The first step to lowering your downgrade expenses is by determining exactly how many of your credit card transactions are being downgraded each month. If you’ve calculate your effective rate and notice that it’s too high, then chances are, you’re dealing with some downgrades. Unfortunately, many merchants dig into their statements only to find that the vast majority of their transactions are being downgraded – as many as 90 percent of transactions for some business owners!
Few business owners are capable of predicting which transactions will be downgraded and which ones will not. Most erroneously assume that the majority of their transactions will be qualified, leading them to shop for the lowest qualified rates when picking a credit card processor, rather than comparing the mid-qualified and non-qualified rates as well. Because the processor determines the guidelines by which transactions are categorized, many merchants end up paying a lot more in fees than first expected.
Here’s a sample statement where we’ve highlighted the different tiers and their rates. You’ll notice that a large amount of this merchant’s Mastercard transactions fall under the non-qualified tier.
Some statements aren’t as easy to read as the example above, so if you’re having trouble determining if your transactions are being downgraded, let us know and we’ll help you out.
What You Can Do About It
Unless you enjoy helping your credit card processor get a little richer every day at your expense, we suggest taking matters into your own hands. The first thing you should do is switch from tiered-pricing to interchange-plus. Doing so will immediately get rid of the qualified, mid-qualified, and non-qualified rates that tiered-pricing is notorious for.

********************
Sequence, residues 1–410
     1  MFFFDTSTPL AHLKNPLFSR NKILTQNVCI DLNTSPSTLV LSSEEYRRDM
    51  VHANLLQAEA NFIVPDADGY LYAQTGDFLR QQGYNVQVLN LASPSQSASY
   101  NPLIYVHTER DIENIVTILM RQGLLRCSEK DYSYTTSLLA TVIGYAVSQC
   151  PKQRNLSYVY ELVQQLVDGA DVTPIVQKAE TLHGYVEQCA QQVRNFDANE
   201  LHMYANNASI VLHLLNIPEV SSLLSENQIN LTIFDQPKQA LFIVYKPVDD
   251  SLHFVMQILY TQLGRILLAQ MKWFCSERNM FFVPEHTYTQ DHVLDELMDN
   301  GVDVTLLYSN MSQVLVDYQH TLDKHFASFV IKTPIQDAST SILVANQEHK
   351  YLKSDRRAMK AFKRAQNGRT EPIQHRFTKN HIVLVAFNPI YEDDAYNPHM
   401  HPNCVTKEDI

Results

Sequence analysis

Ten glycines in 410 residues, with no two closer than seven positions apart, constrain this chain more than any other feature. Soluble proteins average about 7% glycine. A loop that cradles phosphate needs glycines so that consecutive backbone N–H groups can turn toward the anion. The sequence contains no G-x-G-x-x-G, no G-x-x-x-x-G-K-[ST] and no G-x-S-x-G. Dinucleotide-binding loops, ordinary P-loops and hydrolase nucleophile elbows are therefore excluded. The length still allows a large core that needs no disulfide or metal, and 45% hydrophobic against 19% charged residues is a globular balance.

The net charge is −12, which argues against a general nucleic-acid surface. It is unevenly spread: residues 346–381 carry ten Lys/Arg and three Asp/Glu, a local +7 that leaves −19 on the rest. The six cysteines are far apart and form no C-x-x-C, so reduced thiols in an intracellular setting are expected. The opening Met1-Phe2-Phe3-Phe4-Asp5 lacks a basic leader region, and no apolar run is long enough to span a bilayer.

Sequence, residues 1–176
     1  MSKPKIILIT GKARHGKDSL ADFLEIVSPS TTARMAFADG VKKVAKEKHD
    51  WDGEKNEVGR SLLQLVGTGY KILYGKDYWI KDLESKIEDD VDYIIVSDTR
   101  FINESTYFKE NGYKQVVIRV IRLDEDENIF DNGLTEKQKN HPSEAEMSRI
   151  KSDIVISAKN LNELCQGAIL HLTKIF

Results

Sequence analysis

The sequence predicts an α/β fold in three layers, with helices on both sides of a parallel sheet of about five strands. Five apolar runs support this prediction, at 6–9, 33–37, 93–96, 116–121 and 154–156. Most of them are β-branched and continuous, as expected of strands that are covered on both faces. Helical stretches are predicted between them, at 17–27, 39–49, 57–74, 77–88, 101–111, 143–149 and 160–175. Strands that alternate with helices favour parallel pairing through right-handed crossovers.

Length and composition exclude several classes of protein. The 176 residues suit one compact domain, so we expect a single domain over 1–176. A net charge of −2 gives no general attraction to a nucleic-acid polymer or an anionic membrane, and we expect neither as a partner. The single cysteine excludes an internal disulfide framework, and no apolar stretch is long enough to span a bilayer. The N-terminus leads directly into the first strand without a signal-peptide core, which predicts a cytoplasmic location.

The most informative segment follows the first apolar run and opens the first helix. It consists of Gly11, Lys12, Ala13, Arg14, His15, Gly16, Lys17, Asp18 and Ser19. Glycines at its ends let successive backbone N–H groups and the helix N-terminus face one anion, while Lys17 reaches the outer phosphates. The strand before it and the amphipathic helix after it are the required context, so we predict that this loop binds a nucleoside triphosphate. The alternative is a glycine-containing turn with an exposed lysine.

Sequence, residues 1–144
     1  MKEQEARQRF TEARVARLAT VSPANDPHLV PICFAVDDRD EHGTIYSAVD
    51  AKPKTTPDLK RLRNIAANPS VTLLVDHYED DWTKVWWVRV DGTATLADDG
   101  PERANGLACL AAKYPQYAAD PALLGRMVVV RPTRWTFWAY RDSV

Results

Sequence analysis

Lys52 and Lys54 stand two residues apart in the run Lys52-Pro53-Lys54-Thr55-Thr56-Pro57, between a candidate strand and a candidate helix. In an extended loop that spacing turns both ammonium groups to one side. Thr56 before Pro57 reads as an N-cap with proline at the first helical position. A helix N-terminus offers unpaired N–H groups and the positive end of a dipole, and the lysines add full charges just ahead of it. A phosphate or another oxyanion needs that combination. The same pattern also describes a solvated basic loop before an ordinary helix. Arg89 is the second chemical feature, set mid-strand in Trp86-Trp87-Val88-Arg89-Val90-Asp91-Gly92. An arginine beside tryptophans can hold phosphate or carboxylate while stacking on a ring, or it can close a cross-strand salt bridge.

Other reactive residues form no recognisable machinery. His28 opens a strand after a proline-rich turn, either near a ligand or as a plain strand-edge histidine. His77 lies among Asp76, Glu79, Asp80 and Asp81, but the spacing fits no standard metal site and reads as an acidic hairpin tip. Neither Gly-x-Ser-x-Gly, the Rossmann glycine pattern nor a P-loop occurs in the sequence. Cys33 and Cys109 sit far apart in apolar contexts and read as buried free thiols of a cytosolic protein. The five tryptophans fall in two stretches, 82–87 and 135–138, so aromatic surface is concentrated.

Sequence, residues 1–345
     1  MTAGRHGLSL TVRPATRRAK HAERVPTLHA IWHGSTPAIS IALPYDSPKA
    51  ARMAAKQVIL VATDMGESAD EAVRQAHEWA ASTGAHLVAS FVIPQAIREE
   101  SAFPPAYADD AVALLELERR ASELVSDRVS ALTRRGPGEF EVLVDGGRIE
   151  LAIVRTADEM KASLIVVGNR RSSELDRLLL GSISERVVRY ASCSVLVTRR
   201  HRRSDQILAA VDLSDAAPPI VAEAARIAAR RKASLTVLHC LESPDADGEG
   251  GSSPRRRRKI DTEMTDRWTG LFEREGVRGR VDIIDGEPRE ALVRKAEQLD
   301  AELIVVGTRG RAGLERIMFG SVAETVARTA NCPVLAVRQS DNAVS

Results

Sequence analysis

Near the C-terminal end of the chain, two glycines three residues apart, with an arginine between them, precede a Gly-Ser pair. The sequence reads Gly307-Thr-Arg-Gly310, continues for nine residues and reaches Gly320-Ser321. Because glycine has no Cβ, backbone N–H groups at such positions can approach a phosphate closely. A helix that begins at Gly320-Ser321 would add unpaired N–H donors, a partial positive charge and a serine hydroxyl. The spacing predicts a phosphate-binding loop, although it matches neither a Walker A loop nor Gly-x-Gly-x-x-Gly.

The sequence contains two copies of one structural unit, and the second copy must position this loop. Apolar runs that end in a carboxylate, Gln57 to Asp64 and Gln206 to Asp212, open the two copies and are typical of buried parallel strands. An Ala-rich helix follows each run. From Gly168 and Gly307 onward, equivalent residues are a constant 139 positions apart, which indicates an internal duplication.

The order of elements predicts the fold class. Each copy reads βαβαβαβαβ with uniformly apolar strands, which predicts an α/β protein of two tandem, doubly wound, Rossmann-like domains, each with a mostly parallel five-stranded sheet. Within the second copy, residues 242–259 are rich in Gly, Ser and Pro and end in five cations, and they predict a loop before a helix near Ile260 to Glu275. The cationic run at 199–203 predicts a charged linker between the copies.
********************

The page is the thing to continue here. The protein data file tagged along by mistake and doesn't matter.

Additionally, there are some key factors in determining whether your transactions get downgraded. Each card you process must meet the requirements of your credit card processing agreement and any amendments made to it by your processor.
The following guidelines must be met:
- Use of a standard credit card
- The card must be swiped (for transactions in person)
- Transactions must be batched within one day
- Verification information must be entered correctly, including billing address and AVS (for online purchases)
If any one of those requirements is not met, a transaction may be downgraded. Examples of other actions that could result in a downgrade include:
- Manually entering credit number/expiration information in person
- Use of a non-standard credit card, such as a cash-back card or business card
- Missing information for manual or online transactions
It is important to keep in mind that not all credit card transactions will avoid being downgraded. However, if you’re just now finding out that you’ve been paying an extra one to two percent of your profits to your processor just because you haven’t taken the time to batch out your credit card transactions at the end of each day, you may be reeling with aggravation right now. No, you can’t do anything about the mistakes you may have already made, but you can take careful steps to avoid shelling out more money than you have to each month. Better yet, you can use a credit card processor that won’t take advantage of you with outrageous fees and unpredictable tiered billing techniques. Just a thought.